Mesothelioma - a patient’s perspective

07 August 2017

Attending a recent conference addressing the levels of asbestos in our schools, I was surprised at the relatively bleak prospect of treatment and the poor prognosis which is offered to mesothelioma sufferers.

It is no criticism of the consultants and surgeons who work hard to treat this terrible disease, however in an age where we have driverless cars and robotic vacuum cleaners it struck me as odd that we cannot offer more treatment options to those diagnosed with mesothelioma.

What is Mesothelioma?

Mesothelioma is a cancer of the mesothelium, the thin membrane which surrounds the organs in the chest and abdomen. The cause of mesothelioma is exposure to asbestos, and the symptoms can be shortness of breath or chest pain.

Every year, mesothelioma rates are rising. In 2014, there were 2,502 recorded cases of pleural mesothelioma, and the charity organisation Mesothelioma UK reports that this deadly cancer kills one person in the UK every five hours.

Although we do not yet know when the diagnosis rate will peak, given that the latency period between exposure to asbestos and developing mesothelioma or any other asbestos related illness may be 40 years or more, this may not be for some time yet.

Mavis Nye’s Story

(Image via BLF)

Mavis Nye

At this same conference, it seemed as though Mavis Nye was a virtual ray of sunshine with her enthusiasm and willingness to share her story.

When she was first diagnosed with mesothelioma in 2009 Mavis explains that she googled the word. She was shocked by all of the reports and articles which she said had a depressing tone.

Generally the treatment options available for mesothelioma are radiotherapy, chemotherapy, a surgery to remove part of the affected lung tissue, or in some cases, a selection of drug trials.

Although Mavis had never worked with asbestos, her husband, Ray worked at the Royal Navy Shipyard in Chatham from the age of 18, initially as an apprentice and then as a shipwright. Throughout his working day he was exposed almost constantly to asbestos dust.

Throughout his work, Ray was never provided with any protective clothing or mask, so the dust would settle on his hair, clothes, and skin. The dust would come home with him and Mavis would wash his clothes, often shaking them out before putting them in the tub. It was not until many years later that Mavis and Ray would actually know how deadly that dust could be.

Mavis told me:

‘When I walked out of my consultant’s office after that initial diagnosis I was given three months. If I had listened to the prognosis I was given I would be dead.’

After her diagnosis, Mavis started knocking on doors and she got in touch with the charity organisation Mesothelioma UK.

Mavis initially underwent pleurodesis surgery to remove some of the fluid from her lungs and then had four rounds of chemotherapy over a period of four years, each of which promised hope. She began to investigate the possibility of clinical trials but one of them was cancelled and she was turned down for the other. Eventually she was told that the tumours were not going away.

In May 2014, she was accepted for the MK-3475 clinical trial at the Royal Marsden Hospital under the care of Professor Dean Fennell, which involved two years of travelling to the Hospital every 14 days to receive the immunotherapy trial drug pembrolizumab (also known as Keytruda).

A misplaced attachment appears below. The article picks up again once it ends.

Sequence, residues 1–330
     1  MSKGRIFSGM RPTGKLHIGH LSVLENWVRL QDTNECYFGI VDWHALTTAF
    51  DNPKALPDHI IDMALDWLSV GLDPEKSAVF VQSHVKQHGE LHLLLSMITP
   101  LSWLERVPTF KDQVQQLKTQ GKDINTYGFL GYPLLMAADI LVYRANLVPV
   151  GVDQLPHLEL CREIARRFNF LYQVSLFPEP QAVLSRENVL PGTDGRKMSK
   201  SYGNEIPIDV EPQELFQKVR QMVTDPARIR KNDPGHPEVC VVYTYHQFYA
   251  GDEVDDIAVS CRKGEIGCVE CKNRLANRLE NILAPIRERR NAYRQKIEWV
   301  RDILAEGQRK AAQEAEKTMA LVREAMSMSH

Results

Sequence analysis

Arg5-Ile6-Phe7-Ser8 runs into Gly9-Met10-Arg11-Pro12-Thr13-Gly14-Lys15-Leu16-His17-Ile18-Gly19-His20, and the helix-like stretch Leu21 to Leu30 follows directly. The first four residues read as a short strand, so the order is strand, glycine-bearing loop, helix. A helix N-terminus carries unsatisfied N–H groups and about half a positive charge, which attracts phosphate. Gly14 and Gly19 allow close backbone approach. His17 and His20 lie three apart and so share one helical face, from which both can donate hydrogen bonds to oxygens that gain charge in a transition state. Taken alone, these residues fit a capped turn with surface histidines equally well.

It was a punishing trial, but Mavis explains that virtually straight away that her tumours began to shrink, and eventually in June 2016 she was told that there was no active mesothelioma. Mavis recounts this moment, saying:

‘We couldn’t take it in, there was a silence and we were shocked.’

Some of the tumours had disappeared altogether and others had shrunk by 81%. It was a wonderful moment when she was eventually told she was in complete remission. Mavis does make it clear that this isn’t a drug for everyone:

‘My bloods are taken every two weeks and my DNA is monitored. I seem to be the only person in the world who can say I am in remission from mesothelioma. The drug has built up an army that attacks mesothelioma in the blood.’

It is perhaps fitting then that Mavis has created her own army of ‘Meso-Warriors’ online through a foundation she established, sharing with each other their own fight against asbestos related disease and discussing information about treatment.

What’s next?

The options available for treatment do vary throughout each Hospital trust and not everyone is eligible or able to participate in the clinical trials for immunotherapy. There is still a long way to go in getting a cure for this terrible disease but Mavis remains positive saying that:

This is a step in the right direction. This drug is not for everyone. We shouldn’t give false hope but we can still give hope.’

Mavis is keen to let sufferers know that they are allowed to get a second opinion, although of course, any treatment options should always be discussed with the treating consultant.

What we at Shoosmiths can continue to do is raise awareness about mesothelioma and the options available to those who are suffering with it. Through continued research it is hoped that one day there will finally be a cure for this terrible disease.

For any further information on help and care for those suffering with mesothelioma, please visit

For anyone looking for more information on Mavis’ story, her website is

As a final piece of advice, Mavis stressed to me that having a good carer was an important part of both her treatment and recovery. She citied her husband Ray, who looked after her when she was very unwell and she credits him with helping her fight mesothelioma.



This information is for educational purposes only and does not constitute legal advice. It is recommended that specific professional advice is sought before acting on any of the information given. © Shoosmiths LLP 2024

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